[R3754 : page 108]


LUKE 7:1-17.—APRIL 15.—

"Jesus said unto her, I am the
resurrection and the life."—John 11:25

RESURRECTION power resided in our Lord Jesus because in the divine plan it was he who was to redeem the world by the sacrifice of himself and consequently to restore it. This included not merely an awakening from death, but also such vitalization as would overcome the dying processes of disease and ultimately bring the revived one up, up, to the full perfection of being originally enjoyed by our first parents in Eden but forfeited because of disobedience under the sentence, "The soul that sinneth it shall die." (Ezek. 18:4.) This is the most important feature of all the plan of God revealed to us, and if we discern it clearly it assists us in the understanding of every other feature of that plan. We must see that death is the absence of life, the loss of life—that it is a penalty upon our race because we are judged unworthy of life.

All references to a future life imply a redemption from the curse or sentence which came upon us because of the original sin. The cancellation of the debt or sentence, however, does not revive or restore mankind, but it does remove the legal barrier to man's restitution to all that was lost. [R3755 : page 108] Hence it is that our Savior's work is to follow. First, it is to be a redemptive work: the redemption was accomplished at his first advent—though he has used this Gospel age as the period in which to accept also some of the redeemed ones as his members, his Bride, his Church, under him as their Head, to be his associates in the great work of restitution which belongs to the next age.

Second, restitution is to be our Lord's work at his second advent, when his Church, his members, will have been selected, polished, prepared, glorified and associated with him in glory, honor and immortality. Then the full work of the redemption will be granted to the world of mankind—not by raising them from the dead to absolute perfection in an instant, but by first awakening them from the sleep of death, and then, under the disciplines and instructions of the Millennial age, lifting them gradually in harmony with their own wills and cooperation, step by step, out of sin and death conditions into life eternal, as they may respond to [R3755 : page 109] these mercies and opportunities. The disobedient, being counted unworthy of life eternal, will be cut off in the Second Death.


The words of our Golden Text, although specially applicable to our Lord in the future, at the beginning of his Millennial reign, when he will abolish death by lifting mankind out of its power, out of the great prison-house and out of the weaknesses that are associated with the fallen condition, nevertheless were applicable also in some degree at the first advent. True, our Lord's own sacrifice was not finished until he died at Calvary, and the sacrifices of the members of his body would not be finished for centuries; but when our Lord at thirty years of age made a full consecration of himself to do the Father's will, to lay down his life, etc., that divine plan which he there undertook to carry out included all these subsequent features—the completion of his own sacrifice and that of his completed body, of the Church.

That our heavenly Father so regarded his sacrifice was evidenced by the impartation of the holy Spirit, which anointing upon him constituted him the Messiah, the Christ, and the hope of the Church, which is his body, as well as ultimately the hope of all things. Hence, since our Lord had never abrogated that covenant of consecration, sacrifice, since he was still in line with his Covenant, and since the Father still so recognized him, it was proper for him to think and act and speak from that standpoint, which not only looked down to the end of his own course with faith, but also looked down to the end of this Gospel age with confidence, and to the end of the Millennial age with assurance that all the good purposes of God would finally be accomplished in and through him. From this standpoint, therefore, he said, "I am the resurrection and the life." He knew that the sacrificial work he had undertaken would secure to him the privilege of being the Life-Giver to the world, and that in the exercise of that right he would raise up not only from the tomb, but completely out of death conditions up to perfection, all who would come unto the Father through him—all who would have the right desire of heart to return to loving obedience to the Creator.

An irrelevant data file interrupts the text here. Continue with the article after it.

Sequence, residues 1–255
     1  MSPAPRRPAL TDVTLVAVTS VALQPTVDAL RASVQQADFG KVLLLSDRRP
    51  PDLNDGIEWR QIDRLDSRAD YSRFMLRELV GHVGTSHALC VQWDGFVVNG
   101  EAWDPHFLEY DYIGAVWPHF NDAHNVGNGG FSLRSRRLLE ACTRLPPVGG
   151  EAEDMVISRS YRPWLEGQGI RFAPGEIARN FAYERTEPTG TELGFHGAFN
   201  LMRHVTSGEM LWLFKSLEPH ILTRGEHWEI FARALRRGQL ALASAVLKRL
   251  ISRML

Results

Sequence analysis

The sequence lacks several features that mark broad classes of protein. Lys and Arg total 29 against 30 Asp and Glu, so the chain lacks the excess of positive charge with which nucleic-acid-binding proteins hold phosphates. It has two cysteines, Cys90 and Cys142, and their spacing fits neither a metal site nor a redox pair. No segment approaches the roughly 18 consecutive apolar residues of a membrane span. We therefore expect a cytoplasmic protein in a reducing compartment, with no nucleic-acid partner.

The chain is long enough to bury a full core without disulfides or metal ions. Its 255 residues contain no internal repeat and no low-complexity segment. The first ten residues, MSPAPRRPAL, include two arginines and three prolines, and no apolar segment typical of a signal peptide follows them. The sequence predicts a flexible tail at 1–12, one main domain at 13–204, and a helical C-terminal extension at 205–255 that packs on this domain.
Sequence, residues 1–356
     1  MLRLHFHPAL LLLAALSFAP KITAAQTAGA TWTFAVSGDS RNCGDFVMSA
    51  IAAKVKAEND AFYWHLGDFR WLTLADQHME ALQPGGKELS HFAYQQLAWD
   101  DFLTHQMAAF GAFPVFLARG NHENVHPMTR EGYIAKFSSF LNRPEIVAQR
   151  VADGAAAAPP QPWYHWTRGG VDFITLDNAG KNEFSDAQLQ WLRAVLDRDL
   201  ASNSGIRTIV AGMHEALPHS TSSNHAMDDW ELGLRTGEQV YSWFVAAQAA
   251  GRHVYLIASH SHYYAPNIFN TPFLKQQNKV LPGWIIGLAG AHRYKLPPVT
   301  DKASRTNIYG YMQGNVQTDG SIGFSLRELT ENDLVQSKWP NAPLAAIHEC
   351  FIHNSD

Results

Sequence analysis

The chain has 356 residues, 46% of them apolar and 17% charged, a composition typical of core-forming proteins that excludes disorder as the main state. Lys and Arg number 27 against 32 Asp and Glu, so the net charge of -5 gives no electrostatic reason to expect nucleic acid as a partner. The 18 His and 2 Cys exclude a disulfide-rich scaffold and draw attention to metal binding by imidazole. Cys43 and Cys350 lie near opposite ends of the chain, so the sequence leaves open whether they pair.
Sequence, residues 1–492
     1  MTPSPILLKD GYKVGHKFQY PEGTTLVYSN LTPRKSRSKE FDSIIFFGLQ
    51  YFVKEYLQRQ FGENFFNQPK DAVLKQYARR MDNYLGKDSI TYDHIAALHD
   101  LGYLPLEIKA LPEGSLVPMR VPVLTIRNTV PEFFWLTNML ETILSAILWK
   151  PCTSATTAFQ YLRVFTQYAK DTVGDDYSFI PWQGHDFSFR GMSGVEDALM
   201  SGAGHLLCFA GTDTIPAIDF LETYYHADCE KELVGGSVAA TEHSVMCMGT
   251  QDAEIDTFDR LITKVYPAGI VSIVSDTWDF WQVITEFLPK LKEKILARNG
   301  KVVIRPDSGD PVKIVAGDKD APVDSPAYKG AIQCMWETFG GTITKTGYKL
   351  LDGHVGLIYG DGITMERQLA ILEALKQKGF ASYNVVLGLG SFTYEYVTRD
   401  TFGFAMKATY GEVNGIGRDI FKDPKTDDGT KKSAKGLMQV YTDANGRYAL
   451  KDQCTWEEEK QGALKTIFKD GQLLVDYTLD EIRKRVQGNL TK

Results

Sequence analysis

Our Lord's miracles were performed with a view to proving him to be the Life-Giver, not merely as having the right or privilege of giving life but as having pleasure in so doing. From this standpoint our Lord's miracles were small illustrations on a limited scale of that much grander work which he, with and through his glorified Church, will accomplish for mankind during his Millennial reign, when all the blind eyes shall be opened and all the deaf ears shall be unstopped, and all the mentally, morally and physically lame shall be healed, and all the dead in trespasses and sins will be revived and, through obedience, gradually obtain full restitution of all things lost, as promised through the mouth of all the holy prophets since the world began.—Acts 3:19-23.

Our present lesson follows the Sermon on the Mount—the thought evidently in the minds of Matthew and Luke in thus arranging matters being to show that he who had given the wonderful teachings on the mount was fully attested by the miraculous powers shown to reside in him. He had returned to Capernaum on the Sea of Galilee, the home city of Peter and others, and now the home city of Jesus, since he had been spurned and rejected at Nazareth. We remember that on a previous occasion at Capernaum he had healed many, and cannot doubt that his fame had reached all classes. A centurion, captain of the Roman guard, with a company of soldiers, resided here, and a much-prized servant having been taken sick the centurion was anxious to have Jesus cure him. That he was a man of humble mind, as well as full of faith and benevolence, is clearly shown by the narrative. Indeed, so far as we remember, all three of the centurions mentioned in the New Testament were evidently reverential: this one, the one who put Jesus to death and who subsequently declared, "Surely this man was the Son of God," and the centurion Cornelius, the first Gentile convert.—Matt. 27:54; Acts 10:1.